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Sovereignty, or The Art of Being Native

From: Cultural Critique
51, Spring 2002
pp. 74-100 | 10.1353/cul.2002.0023

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Cultural Critique 51 (2002) 74-100

Globalization is a topic of criticism that for the moment demands to be addressed, or assessed, forcing itself on any attempt to discuss issues of capitalism and culture. It seems that the cultural critic can no more not mention, define, or judge the phenomenon of globalization than one could only recently avoid paying critical obeisance to postmodernism. Whether globalization is the essence, aftermath, or efflorescence of postmodernism is not the particular concern of this article, nor indeed what either of these terms has been taken to mean. My concern is partly with the pressure to engage with these terms in cultural criticism, a pressure, given my own location in New Zealand, that itself appears global. This location, alternatively faraway (perhaps from you) or close at hand (to me), is a frontier of globalization, and proves a useful vantage point from which to consider the critical conversation of globalization—to question its nature as an imposition—if not the phenomenon itself. Yet this will also be an exercise in not talking a great deal about globalization, for I argue that ever since the advent of talk about postmodernism, something else has been at stake—the issue of sovereignty—occluded by this dominant conversation to a degree that makes me think that talk of globalization bears a critical agenda that misconstrues the nature of world history, or historical process.

The conversation of the postmodern, although dated, nevertheless implicates the rhetoric of globalization in a larger economy—global in aspiration if not reality—urged forth by the confusion of criticism and commentary, the merging of criticism of global capitalism with the ever accumulating, or globalizing, mass of such criticism. In other words, the problem of providing an adequate description of world history, or historical process, is part and parcel of the tendency of criticism—which offers global explanations to become global in actuality—to become another form of the object of its criticism. The scope of the conversation ensures that it attracts wide interest, or attendance (i.e., it attracts me, you, others), and constructs an economy of sorts through the investment in it of participants. As the conversation gains mass to match speculative compass, it naturally exerts force, such that talk of history is monopolized by talk of globalization, making it difficult to distinguish a claim to knowledge (of history) and the effect of an economy that the conversation as such has brought into being: an economy constituted by the interlinking through conversation of widespread institutions, sites, media, publics, actors—an economy, that is, of discursive effect.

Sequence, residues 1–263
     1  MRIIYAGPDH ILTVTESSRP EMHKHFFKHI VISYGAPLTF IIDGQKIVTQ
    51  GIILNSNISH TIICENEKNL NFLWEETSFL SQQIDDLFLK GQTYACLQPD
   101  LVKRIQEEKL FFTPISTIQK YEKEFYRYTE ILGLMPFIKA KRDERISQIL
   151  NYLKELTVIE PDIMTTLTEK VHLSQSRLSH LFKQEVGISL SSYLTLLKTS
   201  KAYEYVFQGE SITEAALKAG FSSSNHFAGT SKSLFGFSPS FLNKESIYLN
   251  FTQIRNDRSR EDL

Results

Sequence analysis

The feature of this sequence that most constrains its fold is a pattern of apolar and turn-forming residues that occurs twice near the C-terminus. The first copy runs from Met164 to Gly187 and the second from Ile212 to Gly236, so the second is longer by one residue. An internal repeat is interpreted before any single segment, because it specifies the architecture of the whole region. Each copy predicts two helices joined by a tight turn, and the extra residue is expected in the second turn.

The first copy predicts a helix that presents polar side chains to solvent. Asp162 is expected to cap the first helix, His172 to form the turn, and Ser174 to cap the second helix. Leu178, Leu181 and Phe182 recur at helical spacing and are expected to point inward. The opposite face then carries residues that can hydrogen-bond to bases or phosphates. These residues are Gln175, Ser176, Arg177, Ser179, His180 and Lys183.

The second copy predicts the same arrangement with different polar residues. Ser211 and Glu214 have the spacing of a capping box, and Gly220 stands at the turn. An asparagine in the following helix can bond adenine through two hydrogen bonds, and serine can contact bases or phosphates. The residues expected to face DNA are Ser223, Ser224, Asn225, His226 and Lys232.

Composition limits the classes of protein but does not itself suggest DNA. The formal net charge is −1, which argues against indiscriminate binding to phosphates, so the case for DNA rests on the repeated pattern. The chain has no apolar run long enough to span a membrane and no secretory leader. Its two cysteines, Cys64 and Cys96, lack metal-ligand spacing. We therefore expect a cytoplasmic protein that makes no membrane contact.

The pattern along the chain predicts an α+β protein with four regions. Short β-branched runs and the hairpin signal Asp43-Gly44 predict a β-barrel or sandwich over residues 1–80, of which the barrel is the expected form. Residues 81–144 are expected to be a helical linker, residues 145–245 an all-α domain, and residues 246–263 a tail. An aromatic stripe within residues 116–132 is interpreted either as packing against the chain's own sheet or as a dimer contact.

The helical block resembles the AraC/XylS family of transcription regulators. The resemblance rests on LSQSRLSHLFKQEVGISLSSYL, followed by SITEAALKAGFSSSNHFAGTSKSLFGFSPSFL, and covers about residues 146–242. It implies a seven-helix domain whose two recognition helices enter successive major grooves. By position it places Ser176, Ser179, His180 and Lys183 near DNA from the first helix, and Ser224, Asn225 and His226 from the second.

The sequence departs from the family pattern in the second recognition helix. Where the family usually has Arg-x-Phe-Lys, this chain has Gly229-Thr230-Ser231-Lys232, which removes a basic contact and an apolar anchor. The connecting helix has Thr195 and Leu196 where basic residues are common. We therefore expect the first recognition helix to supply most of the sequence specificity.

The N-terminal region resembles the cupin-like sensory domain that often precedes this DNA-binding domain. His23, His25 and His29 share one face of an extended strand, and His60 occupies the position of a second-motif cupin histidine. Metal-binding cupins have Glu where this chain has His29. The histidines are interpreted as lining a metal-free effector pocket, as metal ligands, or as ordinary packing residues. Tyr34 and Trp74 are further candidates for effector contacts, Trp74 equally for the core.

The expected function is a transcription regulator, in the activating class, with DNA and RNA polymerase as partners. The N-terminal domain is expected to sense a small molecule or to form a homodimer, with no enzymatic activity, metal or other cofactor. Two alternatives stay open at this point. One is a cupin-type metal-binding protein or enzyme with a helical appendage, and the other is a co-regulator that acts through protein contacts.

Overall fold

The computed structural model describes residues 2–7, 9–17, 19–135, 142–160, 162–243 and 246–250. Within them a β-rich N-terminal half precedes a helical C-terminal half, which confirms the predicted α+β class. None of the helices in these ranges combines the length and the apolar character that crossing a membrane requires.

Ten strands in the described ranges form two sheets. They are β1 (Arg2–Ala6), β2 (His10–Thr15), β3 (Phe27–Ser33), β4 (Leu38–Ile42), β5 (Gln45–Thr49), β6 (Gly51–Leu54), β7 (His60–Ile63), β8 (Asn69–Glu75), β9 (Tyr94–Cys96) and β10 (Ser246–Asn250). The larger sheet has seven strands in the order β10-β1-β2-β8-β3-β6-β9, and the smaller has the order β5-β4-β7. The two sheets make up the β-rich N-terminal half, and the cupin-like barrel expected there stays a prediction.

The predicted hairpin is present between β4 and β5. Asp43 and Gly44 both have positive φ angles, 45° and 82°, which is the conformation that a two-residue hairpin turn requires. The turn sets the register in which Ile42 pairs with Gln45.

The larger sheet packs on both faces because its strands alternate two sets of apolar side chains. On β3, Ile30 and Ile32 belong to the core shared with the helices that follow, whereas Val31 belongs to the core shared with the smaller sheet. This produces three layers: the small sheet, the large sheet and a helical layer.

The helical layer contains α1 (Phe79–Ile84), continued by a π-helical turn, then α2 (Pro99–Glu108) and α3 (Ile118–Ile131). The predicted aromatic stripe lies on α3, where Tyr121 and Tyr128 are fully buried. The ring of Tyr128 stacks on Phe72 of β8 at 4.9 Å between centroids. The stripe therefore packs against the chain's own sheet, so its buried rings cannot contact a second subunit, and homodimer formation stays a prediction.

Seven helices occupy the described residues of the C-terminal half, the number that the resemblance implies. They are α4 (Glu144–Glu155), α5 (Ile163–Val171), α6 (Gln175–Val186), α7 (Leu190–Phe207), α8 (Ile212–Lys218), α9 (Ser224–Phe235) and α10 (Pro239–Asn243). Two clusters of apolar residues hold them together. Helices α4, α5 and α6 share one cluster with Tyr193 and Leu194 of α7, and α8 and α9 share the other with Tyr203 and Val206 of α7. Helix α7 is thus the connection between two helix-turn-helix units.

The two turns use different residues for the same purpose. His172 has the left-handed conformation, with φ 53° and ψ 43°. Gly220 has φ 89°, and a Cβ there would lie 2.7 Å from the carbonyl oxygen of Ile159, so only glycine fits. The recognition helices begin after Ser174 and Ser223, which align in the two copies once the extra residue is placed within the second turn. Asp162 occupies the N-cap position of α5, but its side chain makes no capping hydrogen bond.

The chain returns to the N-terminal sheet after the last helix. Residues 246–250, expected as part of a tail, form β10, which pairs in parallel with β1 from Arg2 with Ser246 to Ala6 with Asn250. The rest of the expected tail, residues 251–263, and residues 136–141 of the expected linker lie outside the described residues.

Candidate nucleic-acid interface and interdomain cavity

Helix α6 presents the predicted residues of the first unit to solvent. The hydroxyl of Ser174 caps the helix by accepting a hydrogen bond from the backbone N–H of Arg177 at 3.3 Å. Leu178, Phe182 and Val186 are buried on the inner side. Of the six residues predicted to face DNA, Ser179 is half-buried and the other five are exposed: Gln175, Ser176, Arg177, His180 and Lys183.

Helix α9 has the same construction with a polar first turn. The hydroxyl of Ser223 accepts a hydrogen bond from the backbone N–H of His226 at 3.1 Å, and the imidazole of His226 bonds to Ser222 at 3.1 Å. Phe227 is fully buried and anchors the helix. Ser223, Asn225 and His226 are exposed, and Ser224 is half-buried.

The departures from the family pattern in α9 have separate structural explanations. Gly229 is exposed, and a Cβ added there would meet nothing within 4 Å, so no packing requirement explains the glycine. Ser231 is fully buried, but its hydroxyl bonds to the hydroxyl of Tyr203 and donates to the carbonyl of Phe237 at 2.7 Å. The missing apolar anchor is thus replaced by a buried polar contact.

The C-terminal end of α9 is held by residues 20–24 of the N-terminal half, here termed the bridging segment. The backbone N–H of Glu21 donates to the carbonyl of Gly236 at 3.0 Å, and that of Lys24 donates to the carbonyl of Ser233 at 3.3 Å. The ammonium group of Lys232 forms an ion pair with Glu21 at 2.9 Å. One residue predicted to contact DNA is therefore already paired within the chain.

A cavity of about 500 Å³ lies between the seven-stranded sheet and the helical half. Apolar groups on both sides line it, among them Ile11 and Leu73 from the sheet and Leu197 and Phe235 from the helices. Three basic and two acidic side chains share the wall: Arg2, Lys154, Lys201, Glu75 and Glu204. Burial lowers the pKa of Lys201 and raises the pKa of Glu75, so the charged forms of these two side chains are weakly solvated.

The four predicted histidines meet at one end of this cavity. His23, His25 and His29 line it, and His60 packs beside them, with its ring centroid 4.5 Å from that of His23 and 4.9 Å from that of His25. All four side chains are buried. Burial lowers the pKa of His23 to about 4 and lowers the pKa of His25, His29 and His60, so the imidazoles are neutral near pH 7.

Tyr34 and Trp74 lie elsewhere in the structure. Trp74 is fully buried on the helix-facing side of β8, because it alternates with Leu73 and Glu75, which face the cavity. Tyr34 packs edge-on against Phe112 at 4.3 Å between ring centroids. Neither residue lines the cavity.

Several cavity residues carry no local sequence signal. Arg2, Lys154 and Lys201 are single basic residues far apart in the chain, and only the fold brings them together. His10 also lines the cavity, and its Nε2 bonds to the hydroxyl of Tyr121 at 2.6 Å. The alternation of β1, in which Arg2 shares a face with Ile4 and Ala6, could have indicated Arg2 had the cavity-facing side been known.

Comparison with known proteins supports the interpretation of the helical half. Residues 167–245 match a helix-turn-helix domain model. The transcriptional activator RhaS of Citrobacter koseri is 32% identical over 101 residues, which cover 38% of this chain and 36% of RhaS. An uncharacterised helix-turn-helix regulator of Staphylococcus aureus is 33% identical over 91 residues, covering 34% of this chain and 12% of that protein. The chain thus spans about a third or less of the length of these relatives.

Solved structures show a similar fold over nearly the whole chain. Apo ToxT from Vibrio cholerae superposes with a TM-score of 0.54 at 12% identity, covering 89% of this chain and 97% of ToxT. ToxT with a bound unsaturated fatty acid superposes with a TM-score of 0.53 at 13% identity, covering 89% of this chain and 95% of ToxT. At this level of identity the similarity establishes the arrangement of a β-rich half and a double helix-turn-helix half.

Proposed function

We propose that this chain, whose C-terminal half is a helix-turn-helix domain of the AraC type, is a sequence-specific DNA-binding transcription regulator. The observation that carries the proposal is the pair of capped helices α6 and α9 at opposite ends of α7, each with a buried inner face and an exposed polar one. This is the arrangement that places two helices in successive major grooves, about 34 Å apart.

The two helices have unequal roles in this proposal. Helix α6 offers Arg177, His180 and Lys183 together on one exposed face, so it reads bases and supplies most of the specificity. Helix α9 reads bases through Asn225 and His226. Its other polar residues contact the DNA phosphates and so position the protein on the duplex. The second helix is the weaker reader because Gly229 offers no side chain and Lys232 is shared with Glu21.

The irony of being native suggests the existence of multiple conversations with multiple purposes, and filters ways of talking that assume their import for all. To be in one kind of conversation, if nothing else, is to be at that moment not in another. And yet you also remain a participant in conversations of quite varying import. This irony, that "I" am not simply "I-for-you," therefore neither encompassed nor fully captured by this conversation, suggests a shortfall of knowledge on the part of the speaker; the shortfall, what it is about me that is not for you to say, which may not be sayable in my conversation with you, is the ground of claims to sovereignty. These grounds recall history: what the postmodern imagines as a clearing (history now enclosed by being seen as having ended) is for the native a rich and unbounded landscape, a history not coterminous with that of globalizing capital. According to this view, who or what is "native" is not located outside or anterior to the history of capital, nor quite resistant to processes of globalization; it is a fully ironic, which is to say properly historical, mode of inhabiting the perception of others.

What was Postmodernism and/or Postcolonialism?

The postmodern moment is variously located, but as a benchmark for the academic "event" of postmodernism, as opposed to other forms of the postmodern (artistic, economic, scientific), I think Jean-François Lyotard's The Postmodern Condition (English translation, 1984) would be uncontentious, making the mid-1980s the high point of debate about postmodernism as a phenomenon. At the same time in...

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